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General informationEdit

The Bardish language is a Germanic language spoken by approximately 50,000 people in the north of modern Germany. The speakers of Bardish consider themselves to be the descendents of the Germanic tribe of the Bards (hence the name of the language) but modern research has shown that this belief is wrong - most Bardish speakers have even less "Bardish" genes in them than most surrounding Germans; therefore, their origin remains unknown.



For reasons of simplicity, height and backness are not exact - vowels are approximately pronounced like their respective cardinal vowel. Vowels in this table are vowel phonemes and written without /slashes/ - vowels that are only allophones of other phonemes are written in (brackets). Long vowels are indicated by a normal colon: because it is easier to type (and their is almost no difference between : and ː).

Height ↓ Backness → Front Central Back
Roundedness → Unrounded Rounded Unrounded Rounded Unrounded Rounded
Close ɪ i: (ʏ) (y:) ʊ u:
Mid ɛ (ɛ) (ɛ:) e: (œ) (ø:) (ə) ɔ o:
Open a a:

Bardish differenciates 5 short vowels and 5 long vowels for a total of 10 monophthongs. All vowel phonemes appear in pairs of a short and a long vowel (2 vowels in one cell in the table above form one pair).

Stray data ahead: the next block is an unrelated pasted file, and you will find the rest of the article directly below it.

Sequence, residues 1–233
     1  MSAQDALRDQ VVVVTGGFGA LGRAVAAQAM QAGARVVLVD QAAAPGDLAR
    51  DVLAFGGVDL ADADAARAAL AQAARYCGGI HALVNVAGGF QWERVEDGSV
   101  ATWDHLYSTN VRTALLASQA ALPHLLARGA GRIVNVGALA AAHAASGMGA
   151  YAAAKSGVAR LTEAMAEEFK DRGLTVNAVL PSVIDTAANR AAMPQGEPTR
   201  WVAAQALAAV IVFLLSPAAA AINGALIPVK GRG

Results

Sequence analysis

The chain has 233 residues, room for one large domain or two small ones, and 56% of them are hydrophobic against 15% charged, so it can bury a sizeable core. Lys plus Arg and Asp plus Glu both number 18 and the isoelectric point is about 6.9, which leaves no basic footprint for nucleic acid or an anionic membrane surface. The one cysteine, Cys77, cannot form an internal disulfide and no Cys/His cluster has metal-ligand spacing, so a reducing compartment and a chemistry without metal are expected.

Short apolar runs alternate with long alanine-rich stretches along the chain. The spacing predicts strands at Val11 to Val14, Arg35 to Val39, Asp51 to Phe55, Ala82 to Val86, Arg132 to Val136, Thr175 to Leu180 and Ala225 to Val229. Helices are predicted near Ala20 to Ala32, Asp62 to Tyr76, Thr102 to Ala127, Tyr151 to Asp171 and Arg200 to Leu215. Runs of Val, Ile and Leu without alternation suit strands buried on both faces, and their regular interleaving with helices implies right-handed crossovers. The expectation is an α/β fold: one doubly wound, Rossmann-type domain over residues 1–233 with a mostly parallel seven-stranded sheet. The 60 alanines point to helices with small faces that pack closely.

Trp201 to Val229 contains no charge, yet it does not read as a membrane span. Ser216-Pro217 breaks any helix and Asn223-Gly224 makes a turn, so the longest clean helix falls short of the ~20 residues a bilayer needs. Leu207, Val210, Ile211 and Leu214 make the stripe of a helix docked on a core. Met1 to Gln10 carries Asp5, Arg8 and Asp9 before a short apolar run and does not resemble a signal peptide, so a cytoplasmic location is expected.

As a classical Germanic language, Bardish back vowels change to front vowels (called umlauts) when followed by /i/ or /j/. Note that in some cases the /i/ or /j/ that causes an umlaut might have been dropped and therefore umlaut can sometimes appear in unexpected places. The phonemes /a/, /o/ and /u/ can change to their umlauts ...

  • [ɛ] or [ɛ:] (for /a/)
  • [œ] or [ø:] (for /o/)
  • [ʏ] or [y:] (for /u/)

Vowel roundingEdit

The second major vowel sound change in Bardish is vowel rounding - the vowels /e/ and /i/ change to their rounded counterparts when followed by labial consonants.

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